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Geography and Environmental SciencePostgraduate study

Supervision, support & progress

Geography and Environmental Science offers the support students need in order to achieve research work of the highest calibre.

Helping you to settle in

Whatever your motivation for undertaking a PhD, it’ll be a journey which will stimulate your passion for your subject and push the boundaries of your own and current knowledge. The work will be challenging, but we’re on hand from the outset to support you in succeeding. From Day One, you’ll benefit from a strong support network to guide you through your research degree.

At the start of your PhD, you will be welcomed and guided through the first year as part of your induction. Our post-graduates also host an annual Bake a Cake competition which you can take part in if you wish.


As a postgraduate we will expect you to take a high level of responsibility for your own progress. However, you will be working within a well-considered, accountable supervisory structure. This should help you to identify and manage any issues - academic or otherwise - that may arise during your research work.

You will almost certainly have already met your supervisor as part of the recruitment process. As an expert in your chosen area of research, he or she will provide the primary source of guidance on academic content and methods.

Within one month of starting your degree, you’ll be required to complete a training plan to help identify your training and development needs with your supervisor. This is a great opportunity to create a personalised plan, aligned to your research.

Supervisors are required to maintain regular contact with the research student in accordance with arrangements established at the outset and in-line with Faculty policy. The frequency of meetings will depend upon the stage and nature of the research and the particular needs of the research student, but it is expected good practice that, for full-time research students, these meetings should take place at least once a month, and more frequently at the start of the candidature (for part-time research student, these timings should be adjusted accordingly)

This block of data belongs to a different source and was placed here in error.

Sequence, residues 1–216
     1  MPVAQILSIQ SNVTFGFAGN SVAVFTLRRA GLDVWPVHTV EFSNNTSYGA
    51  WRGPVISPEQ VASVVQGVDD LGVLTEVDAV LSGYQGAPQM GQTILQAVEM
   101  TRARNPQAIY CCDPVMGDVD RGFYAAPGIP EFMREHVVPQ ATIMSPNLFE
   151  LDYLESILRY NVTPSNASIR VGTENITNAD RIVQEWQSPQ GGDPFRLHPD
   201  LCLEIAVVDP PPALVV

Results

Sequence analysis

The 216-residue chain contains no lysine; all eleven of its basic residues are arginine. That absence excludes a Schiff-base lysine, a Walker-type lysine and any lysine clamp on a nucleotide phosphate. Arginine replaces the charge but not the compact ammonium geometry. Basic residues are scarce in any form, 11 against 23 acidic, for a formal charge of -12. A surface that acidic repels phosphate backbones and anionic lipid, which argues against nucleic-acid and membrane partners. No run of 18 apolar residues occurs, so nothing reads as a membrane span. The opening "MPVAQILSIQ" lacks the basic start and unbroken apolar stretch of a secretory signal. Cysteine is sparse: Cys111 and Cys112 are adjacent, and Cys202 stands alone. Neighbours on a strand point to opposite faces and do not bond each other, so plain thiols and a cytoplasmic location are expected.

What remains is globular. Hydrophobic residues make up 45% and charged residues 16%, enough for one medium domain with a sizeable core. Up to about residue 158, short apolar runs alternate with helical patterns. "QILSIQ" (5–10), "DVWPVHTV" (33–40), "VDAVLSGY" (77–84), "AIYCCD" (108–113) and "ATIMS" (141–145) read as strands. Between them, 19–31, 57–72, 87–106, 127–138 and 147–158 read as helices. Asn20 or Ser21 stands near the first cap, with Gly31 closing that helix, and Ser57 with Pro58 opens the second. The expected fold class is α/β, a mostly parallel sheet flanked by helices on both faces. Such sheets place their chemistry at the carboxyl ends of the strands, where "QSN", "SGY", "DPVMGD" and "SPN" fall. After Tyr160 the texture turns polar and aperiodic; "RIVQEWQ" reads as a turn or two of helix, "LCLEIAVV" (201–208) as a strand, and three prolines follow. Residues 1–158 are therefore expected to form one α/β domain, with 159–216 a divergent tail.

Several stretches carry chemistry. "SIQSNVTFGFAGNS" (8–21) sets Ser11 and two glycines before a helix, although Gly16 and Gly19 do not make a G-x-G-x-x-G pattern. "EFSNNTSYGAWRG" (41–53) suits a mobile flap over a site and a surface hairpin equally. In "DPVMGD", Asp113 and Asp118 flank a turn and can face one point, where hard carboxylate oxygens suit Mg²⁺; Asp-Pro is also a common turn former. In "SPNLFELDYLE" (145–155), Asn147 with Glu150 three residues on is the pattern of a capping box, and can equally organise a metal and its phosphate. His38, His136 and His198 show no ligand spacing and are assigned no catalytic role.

A supervisory panel typically includes at least two members of academic staff, who is likely to be an expert in a related area. This provides you with an opportunity for you to discuss your work with experts, and for them to give feedback on and assess your work, and play a role in monitoring your progress, most notably the confirmation report (confirming your candidature for a PhD). Supervisors will also guide you in publishing your research. You should plan to meet your advisor regularly and develop a comfortable working relationship with them.

Your postgraduate community

When you join the School of Geography, you’ll join a friendly, supportive and diverse community of postgraduate researchers who come from all around the world. You’ll be directly associated with one of our world-leading research groups, working alongside like-minded researchers and academics. This fairly small-scale community with whom you’ll interact on a day-to-day basis will quickly become your ‘home base’.

Help and advice for international postgraduate researchers

Our International Office offers specialist international advice and assistance. You can get help with preparing for university life, immigration and other UK regulations, opening a bank account and any further support to help you adapt to life in Leeds. You can ask questions or discuss any worries you may have, or find out about the opportunities on campus.

Your wellbeing: On-campus support

We recognise that there may be times during your PhD when you might need some additional support. You can benefit from a network of specialist services centred on you and your wellbeing including:

Key reporting stages

Through your postgraduate study, there are a number of formal stages of reporting. You will be enrolled onto a PhD programme when you start.

Three months after registration, you will be required to submit an academic needs analysis. This is an opportunity to discuss your skills with your supervisor and identify where you may require additional training to undertake your PhD project. The academic needs analysis should be reviewed continually and formally considered at each progression review. 

Between seven and nine months after registration, you will be required to submit your first progression review report. You will also have a face-to-face examination with your supervisor and another member of academic staff (to be completed by month 10). This is designed to demonstrate that you have established a strong base for your postgraduate research.

Between 17 and 20 months, you should produce a second progress (confirmation) report. This makes the case to the examiners that you have made sufficient progress with the project and you are likely to produce a thesis to PhD standard in the remaining period. Once you pass this milestone your PhD registration will be ‘confirmed’ and you will be permitted to continue your registration and submit your final PhD thesis. If you do not achieve confirmation status, you may be eligible to re-enrol for an MPhil award.

More information on key reporting stages can be found on the Faculty Graduate School Website.

Final assessment for PhD award

Your final assessment is through a combination of your thesis and a viva voce.

Photo of Stephen Evans
The University has an excellent reputation amongst fellow graduates and employers and my university qualifications, and in particular my MA qualification, were absolutely essential to me securing a full-time job once I finished my studies.
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